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Wal-Mart Justified in Terminating Pharmacist Who Would Not Deal With Customers' Birth Control Questions

    Client Alerts
  • June 08, 2007

In a number of recent cases, pharmacies have been sued by employees who claim that their religious convictions forbid them from dispensing birth control prescriptions.  The employees claim that Title VII  A new Seventh Circuit Court of Appeals decision, Noesen v, Medical Staffing Network, Inc., demonstrates the legal limits of this accommodation requirement.  The plaintiff was a pharmacist at a Wal-Mart store in Wisconsin.  When hired, he advised Wal-Mart that as an observant Catholic, he would refuse any duties associated with providing birth control.  Wal-Mart initially agreed to accommodate the plaintiff by having other pharmacists deal with customers’ contraceptive requests.  However, the plaintiff adamantly refused to speak even briefly with customers in person or on the phone about any questions relating to birth control, and would simply walk away or ignore telephone messages. requires employers to accommodate their religious beliefs by relieving them of duties associated with birth control.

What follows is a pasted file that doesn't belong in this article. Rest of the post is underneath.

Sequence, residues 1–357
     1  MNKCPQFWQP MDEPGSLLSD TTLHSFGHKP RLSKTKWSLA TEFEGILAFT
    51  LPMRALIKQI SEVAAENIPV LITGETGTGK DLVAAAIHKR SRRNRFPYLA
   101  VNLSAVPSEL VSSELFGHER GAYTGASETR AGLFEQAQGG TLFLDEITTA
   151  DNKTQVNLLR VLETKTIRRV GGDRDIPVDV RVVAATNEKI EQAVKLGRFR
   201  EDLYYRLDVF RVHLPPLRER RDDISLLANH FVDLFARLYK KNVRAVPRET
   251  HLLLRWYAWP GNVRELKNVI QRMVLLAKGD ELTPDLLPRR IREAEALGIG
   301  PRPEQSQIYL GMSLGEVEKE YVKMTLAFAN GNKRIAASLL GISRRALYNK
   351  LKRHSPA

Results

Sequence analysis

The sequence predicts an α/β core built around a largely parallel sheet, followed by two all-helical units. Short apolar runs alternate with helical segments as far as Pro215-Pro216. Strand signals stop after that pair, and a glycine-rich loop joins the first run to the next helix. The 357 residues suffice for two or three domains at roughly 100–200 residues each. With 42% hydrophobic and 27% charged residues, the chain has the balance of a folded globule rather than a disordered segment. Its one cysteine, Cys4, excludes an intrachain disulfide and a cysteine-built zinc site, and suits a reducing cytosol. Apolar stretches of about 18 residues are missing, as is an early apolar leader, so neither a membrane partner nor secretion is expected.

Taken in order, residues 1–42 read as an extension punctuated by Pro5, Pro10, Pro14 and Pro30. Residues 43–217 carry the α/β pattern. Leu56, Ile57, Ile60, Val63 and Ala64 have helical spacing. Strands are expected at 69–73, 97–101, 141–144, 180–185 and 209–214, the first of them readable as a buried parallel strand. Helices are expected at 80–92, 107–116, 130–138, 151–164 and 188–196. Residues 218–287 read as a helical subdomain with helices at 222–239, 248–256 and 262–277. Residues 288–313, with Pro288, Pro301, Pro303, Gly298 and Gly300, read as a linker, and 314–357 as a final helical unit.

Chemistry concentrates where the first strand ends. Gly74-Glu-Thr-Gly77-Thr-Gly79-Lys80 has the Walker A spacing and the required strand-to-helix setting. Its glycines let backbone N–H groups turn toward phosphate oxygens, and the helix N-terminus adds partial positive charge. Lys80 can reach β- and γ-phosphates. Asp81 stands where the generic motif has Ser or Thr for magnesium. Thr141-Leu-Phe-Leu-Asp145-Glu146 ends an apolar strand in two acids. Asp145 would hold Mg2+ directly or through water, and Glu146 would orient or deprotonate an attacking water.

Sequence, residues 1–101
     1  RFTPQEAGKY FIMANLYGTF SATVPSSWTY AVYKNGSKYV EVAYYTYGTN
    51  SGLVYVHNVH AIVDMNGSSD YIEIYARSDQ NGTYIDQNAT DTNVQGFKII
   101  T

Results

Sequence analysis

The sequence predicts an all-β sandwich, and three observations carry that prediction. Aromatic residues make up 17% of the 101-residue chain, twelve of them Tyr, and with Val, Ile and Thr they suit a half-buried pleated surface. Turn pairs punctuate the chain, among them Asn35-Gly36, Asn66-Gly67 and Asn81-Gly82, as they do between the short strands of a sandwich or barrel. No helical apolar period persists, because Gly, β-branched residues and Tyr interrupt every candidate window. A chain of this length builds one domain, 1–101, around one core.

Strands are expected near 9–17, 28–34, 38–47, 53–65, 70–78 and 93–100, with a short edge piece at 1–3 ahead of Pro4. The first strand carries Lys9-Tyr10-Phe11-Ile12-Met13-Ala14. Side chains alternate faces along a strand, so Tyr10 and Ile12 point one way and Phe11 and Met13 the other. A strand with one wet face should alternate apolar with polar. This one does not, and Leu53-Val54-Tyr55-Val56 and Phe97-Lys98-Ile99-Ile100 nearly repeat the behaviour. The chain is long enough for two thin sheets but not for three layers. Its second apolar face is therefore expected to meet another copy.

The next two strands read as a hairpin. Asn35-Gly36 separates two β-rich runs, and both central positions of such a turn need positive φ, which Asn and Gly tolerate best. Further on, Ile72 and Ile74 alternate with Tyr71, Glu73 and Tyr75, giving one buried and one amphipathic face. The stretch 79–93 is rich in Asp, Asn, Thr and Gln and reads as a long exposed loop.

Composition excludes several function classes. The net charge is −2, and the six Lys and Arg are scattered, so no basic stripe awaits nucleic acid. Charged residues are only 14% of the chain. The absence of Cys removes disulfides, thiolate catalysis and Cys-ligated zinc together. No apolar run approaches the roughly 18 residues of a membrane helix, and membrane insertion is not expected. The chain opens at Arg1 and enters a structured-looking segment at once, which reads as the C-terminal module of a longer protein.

Wal-Mart eventually advised the pharmacist that due to the volume of customer business, he could not simply ignore patients’ information requests.  He was terminated after refusing to leave the store following his refusal to comply with his employer’s requirements.  The Seventh Circuit affirmed dismissal of his claim on summary judgment.  The court concluded that Title VII’s religious accommodation principles did not require the plaintiff’s employer to remove him from any contact with customers asking questions about contraceptives.  Doing so would have placed an undue hardship on the pharmacy because other employees would be required to assume a disproportionate amount of work.  Wal-Mart was not required to rearrange staffing or incur higher costs based on the plaintiff’s inflexibility.  In ruling for the company, the court appeared influenced by Wal-Mart’s attempts to accommodate the plaintiff’s beliefs.  Unlike the ADA, Title VII’s religious accommodation requirements will not require employers to incur more than de minimis costs or disruption.